November 7, 2016

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Generic no more: How private label products compete with national brands | Food Dive

Food Dive, provides a quick strengths/weaknesses comparison between branded and private label products.

Source: Generic no more: How private label products compete with national brands | Food Dive

November 3, 2016

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Prop 65 Prioritization 2016: Chemicals for Consultation by the Carcinogen Identification Committee

On Nov 15th, the Prop 65, committee will discuss the following chemicals for consideration:


  • Aspartame
  • Asphalt and Asphalt Emissions Associated with Road Paving and Asphalt and Asphalt Emissions Associated with Roofing
  • Methyl Chloride
  • Type I Pyrethroids
  • Vinyl Acetate

Comments are available for public review on a 45-day public comment period on five chemicals or chemical groups to be discussed at the November 2016 meeting of the Proposition 65 Carcinogen Identification Committee (CIC).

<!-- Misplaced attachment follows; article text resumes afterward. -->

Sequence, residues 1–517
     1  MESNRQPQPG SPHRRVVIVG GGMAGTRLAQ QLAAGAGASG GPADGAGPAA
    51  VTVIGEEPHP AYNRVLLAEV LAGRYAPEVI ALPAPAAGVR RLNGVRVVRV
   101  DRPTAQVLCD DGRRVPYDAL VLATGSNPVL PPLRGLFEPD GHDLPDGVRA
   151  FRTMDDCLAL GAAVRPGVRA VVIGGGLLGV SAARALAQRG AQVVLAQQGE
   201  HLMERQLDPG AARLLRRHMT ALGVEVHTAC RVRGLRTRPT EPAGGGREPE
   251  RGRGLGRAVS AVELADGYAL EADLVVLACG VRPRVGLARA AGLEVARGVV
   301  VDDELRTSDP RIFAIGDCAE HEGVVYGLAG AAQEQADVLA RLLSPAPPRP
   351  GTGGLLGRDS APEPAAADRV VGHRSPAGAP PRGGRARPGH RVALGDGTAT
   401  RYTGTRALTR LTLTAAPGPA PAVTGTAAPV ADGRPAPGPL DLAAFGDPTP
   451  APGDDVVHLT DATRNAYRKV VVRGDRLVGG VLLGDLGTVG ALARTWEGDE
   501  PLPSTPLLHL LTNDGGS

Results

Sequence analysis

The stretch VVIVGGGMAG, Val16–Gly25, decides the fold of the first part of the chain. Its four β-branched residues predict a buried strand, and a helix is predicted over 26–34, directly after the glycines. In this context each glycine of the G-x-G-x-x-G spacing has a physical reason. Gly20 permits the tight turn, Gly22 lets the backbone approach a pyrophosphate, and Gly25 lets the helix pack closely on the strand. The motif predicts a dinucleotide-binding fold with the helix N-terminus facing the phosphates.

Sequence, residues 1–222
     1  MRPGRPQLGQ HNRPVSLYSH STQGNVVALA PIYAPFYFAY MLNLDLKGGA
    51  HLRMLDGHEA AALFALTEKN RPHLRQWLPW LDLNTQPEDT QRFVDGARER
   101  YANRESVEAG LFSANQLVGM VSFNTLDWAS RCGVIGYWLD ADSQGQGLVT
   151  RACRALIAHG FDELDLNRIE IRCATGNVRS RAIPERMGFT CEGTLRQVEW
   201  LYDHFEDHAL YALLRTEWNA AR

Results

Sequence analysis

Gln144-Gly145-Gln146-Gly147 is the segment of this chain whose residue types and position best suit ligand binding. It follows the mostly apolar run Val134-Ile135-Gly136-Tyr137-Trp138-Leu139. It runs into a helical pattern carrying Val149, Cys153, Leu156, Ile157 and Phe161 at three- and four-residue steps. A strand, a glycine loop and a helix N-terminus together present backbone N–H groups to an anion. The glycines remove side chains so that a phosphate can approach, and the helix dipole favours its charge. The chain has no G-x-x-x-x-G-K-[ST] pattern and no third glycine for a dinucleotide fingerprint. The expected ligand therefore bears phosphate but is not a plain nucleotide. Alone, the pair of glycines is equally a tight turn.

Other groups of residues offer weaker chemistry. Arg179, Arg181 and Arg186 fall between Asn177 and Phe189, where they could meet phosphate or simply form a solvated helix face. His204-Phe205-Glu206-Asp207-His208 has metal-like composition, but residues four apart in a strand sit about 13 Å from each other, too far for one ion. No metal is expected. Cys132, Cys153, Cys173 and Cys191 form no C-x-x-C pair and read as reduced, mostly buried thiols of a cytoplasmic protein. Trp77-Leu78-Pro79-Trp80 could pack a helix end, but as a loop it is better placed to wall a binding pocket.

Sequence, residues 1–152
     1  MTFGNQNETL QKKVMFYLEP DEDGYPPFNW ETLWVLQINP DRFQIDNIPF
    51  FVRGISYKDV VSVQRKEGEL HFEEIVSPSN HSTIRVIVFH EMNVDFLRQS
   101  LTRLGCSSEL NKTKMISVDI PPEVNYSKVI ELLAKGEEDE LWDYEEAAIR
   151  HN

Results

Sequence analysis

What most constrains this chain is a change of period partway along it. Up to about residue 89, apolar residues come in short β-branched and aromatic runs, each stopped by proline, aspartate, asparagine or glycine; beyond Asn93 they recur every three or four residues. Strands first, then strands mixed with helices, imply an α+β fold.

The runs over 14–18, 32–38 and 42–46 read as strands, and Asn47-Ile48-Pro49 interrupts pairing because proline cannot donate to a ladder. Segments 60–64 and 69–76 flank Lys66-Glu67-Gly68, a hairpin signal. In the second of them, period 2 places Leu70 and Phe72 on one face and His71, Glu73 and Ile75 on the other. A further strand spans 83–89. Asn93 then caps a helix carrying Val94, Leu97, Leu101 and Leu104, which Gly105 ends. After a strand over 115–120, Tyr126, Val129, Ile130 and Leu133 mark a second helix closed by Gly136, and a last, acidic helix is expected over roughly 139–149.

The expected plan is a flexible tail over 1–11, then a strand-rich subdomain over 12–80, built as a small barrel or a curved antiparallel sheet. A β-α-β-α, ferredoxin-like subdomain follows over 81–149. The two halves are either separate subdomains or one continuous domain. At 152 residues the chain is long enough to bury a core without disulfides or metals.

Source: Prioritization 2016: Chemicals for Consultation by the Carcinogen Identification Committee

October 13, 2016

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FTC & USDA roundtable on “Organic”

The Federal Trade Commission (FTC) and U.S. Department of Agriculture (USDA) announced the agenda for their upcoming joint-agency roundtable on consumer perceptions of “organic” claims for non-agricultural products. The event, first announced in August, will be held in Washington, D.C., on October 20, 2016.


Source:  and Nie Magazine


August 26, 2016

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Printing food.